The United States stands on the verge of enacting the largest private-sector retirement reforms since passage of the 2006 Pension Protection Act. The SECURE Act—“Setting Every Community Up for Retirement Enhancement”—embodies policies that ICI has long supported to help smaller businesses offer their employees retirement plans and to adjust to increasing longevity.
We Pursue Advocacy Grounded in Accurate Data and Sound Analysis
For most of its eight decades, the Institute has gathered data to improve both public understanding and the quality of policymaking around funds and their investors. Today that mission continues and takes us into new and more challenging areas. In 2019, for example, ICI updated its comprehensive analysis of how US funds vote their proxies at annual meetings of portfolio companies. The data demonstrate that funds cast their votes as conscientious fiduciaries should—in the interests of fund shareholders, taking into account a wide range of factors.
We Stay Abreast of Emerging Issues for a Diverse Membership
Accurate data and sound analysis also come to bear in dealing with new policy challenges, such as the “common ownership” hypothesis. Relying on our industry expertise, ICI has demonstrated to policymakers that this hypothesis rests on misunderstandings and incorrect assumptions about asset management. Through our research and communications programs, we have shared academic and industry research rebutting the claims of anticompetitive effects.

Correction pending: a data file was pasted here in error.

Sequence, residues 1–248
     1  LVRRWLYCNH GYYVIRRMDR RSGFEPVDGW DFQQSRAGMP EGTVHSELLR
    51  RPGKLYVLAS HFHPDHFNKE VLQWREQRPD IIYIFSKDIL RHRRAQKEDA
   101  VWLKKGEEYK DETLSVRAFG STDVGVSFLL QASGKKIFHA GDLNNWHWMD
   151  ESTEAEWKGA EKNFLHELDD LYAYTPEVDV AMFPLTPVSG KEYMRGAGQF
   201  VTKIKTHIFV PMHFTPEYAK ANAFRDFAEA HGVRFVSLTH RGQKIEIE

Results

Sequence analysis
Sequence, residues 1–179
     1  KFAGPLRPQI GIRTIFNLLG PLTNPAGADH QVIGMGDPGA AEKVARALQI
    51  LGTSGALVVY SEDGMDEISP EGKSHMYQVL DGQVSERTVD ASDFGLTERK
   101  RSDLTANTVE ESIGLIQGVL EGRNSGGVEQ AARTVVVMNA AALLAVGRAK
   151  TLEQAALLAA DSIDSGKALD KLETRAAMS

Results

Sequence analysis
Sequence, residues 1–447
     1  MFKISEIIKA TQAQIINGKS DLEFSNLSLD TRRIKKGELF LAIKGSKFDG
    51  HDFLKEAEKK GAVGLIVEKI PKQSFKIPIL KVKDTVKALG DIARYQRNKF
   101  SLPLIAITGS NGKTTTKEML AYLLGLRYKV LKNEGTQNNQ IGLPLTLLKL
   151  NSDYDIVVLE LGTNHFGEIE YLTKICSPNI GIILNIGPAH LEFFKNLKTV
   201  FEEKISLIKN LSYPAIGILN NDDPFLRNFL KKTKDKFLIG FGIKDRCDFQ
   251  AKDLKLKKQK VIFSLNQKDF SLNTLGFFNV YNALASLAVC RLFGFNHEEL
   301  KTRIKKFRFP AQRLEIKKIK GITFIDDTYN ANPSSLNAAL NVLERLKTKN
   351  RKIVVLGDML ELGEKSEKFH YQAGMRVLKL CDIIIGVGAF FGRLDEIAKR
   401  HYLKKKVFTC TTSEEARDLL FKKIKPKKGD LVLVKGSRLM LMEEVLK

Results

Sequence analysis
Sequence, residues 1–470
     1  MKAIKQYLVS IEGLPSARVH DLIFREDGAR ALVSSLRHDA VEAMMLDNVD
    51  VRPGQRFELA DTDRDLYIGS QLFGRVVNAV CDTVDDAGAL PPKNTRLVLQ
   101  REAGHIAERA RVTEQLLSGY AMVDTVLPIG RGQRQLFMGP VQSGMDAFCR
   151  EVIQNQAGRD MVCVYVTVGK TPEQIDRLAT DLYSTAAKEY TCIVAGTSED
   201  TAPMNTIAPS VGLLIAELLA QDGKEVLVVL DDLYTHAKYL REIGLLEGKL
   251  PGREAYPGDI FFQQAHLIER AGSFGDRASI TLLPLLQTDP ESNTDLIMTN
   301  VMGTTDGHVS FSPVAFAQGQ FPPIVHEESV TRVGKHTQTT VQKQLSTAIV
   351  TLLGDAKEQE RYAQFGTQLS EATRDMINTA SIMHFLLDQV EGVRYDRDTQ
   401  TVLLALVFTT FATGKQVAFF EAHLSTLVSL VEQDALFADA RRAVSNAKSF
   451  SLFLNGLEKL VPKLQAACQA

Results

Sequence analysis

Another emerging issue is ESG or “sustainable” investing—products that satisfy particular preferences around environmental, social, or governance issues. Some investors want funds that meet these preferences, and fund sponsors have responded with a range of offerings. The Institute has worked, however, to ensure that policymakers do not create rules that impose a one-size ESG prescription on all funds and investors.
We Focus Intently on Member Service
While our fundamental commitments remain the same, the environment in which our funds operate is constantly changing. Through all of our activities—including our conferences and committee structures, as well as our advocacy—ICI works to represent and to engage a diverse membership.
We Work to Foster a Fiduciary Culture
From its founding in 1940, ICI has thrived thanks to the active support of its members. Our leadership and committee structures engage nearly 6,000 men and women—executives of fund sponsors, fund directors, and professionals of many kinds. Working with our dedicated staff in Washington, London, and Hong Kong, these member representatives devote their time and talents to addressing diverse issues, both large and small.
What is the sum effect of all that effort? It is just this: meeting the needs of investors. Investors must always come first, because our funds are fiduciaries dedicated to investors’ interests.
George C. W. Gatch is chairman of the Investment Company Institute and CEO of J.P. Morgan Asset Management.
Paul Schott Stevens is president and CEO of ICI.